In a particular non-limiting, exemplary embodiment, the computer-readable medium can include a solid-state memory such as a memory card or other package that houses one or more non-volatile read-only memories. Further, the computer-readable medium can be a random access memory or other volatile re-writable memory. Additionally, the computer-readable medium can include a magneto-optical or optical medium, such as a disk or tapes or other storage device to capture carrier wave signals such as a signal communicated over a transmission medium. A digital file attachment to an e-mail or other self-contained information archive or set of archives may be considered a distribution medium that is a tangible storage medium. Accordingly, the disclosure is considered to include any one or more of a computer-readable medium or a distribution medium and other equivalents and successor media, in which data or instructions may be stored.

In an alternative embodiment, dedicated hardware implementations, such as application specific integrated circuits, programmable logic arrays and other hardware devices, can be constructed to implement one or more of the methods described herein. Applications that may include the apparatus and systems of various embodiments can broadly include a variety of electronic and computer systems. One or more embodiments described herein may implement functions using two or more specific interconnected hardware modules or devices with related control and data signals that can be communicated between and through the modules, or as portions of an application-specific integrated circuit. Accordingly, the present system encompasses software, firmware, and hardware implementations.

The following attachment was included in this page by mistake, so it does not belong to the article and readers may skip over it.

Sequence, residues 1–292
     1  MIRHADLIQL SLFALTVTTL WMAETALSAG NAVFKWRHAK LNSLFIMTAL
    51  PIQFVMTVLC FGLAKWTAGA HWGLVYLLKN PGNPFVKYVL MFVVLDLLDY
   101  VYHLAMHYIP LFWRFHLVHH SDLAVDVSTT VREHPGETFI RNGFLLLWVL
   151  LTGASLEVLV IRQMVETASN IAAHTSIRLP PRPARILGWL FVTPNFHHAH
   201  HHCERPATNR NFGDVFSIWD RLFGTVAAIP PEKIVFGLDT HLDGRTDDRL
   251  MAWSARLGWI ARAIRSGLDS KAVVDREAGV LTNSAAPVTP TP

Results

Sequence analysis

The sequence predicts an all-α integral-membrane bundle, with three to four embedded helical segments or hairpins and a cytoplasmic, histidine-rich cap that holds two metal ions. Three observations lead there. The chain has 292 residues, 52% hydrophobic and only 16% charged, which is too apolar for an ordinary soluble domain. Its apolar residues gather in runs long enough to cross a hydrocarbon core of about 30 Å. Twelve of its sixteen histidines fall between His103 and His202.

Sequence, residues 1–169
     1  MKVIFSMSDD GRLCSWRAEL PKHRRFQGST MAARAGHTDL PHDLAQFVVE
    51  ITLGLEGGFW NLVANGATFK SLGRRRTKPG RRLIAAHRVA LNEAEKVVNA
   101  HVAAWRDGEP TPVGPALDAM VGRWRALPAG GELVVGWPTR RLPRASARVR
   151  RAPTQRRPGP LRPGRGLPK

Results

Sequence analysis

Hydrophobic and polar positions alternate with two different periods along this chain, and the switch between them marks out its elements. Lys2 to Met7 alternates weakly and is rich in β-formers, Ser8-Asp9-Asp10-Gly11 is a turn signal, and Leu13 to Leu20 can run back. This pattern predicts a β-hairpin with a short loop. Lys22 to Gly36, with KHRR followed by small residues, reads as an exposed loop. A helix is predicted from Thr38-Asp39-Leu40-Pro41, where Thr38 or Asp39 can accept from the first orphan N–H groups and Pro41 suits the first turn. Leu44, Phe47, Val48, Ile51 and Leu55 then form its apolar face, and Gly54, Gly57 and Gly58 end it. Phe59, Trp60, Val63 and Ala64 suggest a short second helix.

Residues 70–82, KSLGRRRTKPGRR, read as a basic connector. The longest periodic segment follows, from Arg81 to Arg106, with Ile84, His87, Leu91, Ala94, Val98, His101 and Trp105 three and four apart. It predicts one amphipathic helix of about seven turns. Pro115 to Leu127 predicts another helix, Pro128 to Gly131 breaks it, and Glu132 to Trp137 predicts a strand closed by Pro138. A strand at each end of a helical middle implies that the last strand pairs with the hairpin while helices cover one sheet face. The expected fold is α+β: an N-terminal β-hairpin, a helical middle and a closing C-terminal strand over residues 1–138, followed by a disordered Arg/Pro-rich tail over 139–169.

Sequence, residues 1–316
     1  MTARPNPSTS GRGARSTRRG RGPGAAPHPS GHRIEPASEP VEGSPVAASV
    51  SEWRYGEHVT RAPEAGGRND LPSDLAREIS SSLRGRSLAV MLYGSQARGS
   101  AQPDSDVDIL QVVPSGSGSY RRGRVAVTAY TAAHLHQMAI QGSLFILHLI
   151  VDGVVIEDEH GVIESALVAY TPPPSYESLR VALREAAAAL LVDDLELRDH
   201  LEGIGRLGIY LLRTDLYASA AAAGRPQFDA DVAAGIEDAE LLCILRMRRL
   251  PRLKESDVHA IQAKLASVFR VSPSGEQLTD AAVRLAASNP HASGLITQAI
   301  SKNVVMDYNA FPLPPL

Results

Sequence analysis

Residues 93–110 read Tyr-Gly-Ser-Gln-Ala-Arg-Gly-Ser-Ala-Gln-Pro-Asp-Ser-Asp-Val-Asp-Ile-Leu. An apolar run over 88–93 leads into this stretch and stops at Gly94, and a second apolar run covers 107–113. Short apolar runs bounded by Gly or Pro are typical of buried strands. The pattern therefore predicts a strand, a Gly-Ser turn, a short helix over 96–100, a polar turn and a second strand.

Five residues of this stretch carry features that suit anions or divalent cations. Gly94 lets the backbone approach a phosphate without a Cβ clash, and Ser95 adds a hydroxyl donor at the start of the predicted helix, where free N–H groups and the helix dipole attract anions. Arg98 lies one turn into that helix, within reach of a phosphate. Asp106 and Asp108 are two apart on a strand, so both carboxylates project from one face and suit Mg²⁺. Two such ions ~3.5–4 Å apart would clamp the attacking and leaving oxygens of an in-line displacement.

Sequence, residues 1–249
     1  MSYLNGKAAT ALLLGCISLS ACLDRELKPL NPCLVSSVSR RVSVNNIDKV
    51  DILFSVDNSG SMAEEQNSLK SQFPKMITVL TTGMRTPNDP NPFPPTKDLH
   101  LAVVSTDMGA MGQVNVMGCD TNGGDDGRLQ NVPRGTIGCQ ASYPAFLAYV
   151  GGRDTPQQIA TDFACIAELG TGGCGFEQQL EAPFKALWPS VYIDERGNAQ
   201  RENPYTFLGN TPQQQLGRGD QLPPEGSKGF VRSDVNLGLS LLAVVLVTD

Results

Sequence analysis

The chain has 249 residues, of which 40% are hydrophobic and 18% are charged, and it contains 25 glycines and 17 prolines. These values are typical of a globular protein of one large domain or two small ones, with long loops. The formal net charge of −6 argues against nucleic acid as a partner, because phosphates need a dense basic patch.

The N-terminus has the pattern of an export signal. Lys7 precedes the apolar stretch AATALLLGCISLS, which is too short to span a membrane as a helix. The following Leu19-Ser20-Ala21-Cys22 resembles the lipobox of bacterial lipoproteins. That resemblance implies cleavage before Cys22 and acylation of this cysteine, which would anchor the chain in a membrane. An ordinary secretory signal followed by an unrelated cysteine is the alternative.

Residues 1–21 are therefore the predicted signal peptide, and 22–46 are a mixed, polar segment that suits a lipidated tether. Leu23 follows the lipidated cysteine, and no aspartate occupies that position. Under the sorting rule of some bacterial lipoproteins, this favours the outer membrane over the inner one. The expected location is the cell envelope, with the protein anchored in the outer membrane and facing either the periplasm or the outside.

In accordance with various embodiments of the present disclosure, the methods described herein may be implemented by software programs executable by a computer system. Further, in an exemplary, non-limited embodiment, implementations can include distributed processing, component/object distributed processing, and parallel processing. Alternatively, virtual computer system processing can be constructed to implement one or more of the methods or functionality as described herein.

Although the present specification describes components and functions that may be implemented in particular embodiments with reference to particular standards and protocols, the invention is not limited to such standards and protocols. For example, standards for Internet and other packet switched network transmission (e.g., TCP/IP, UDP/IP, HTML, HTTP, HTTPS) represent examples of the state of the art. Such standards are periodically superseded by faster or more efficient equivalents having essentially the same functions. Accordingly, replacement standards and protocols having the same or similar functions as those disclosed herein are considered equivalents thereof.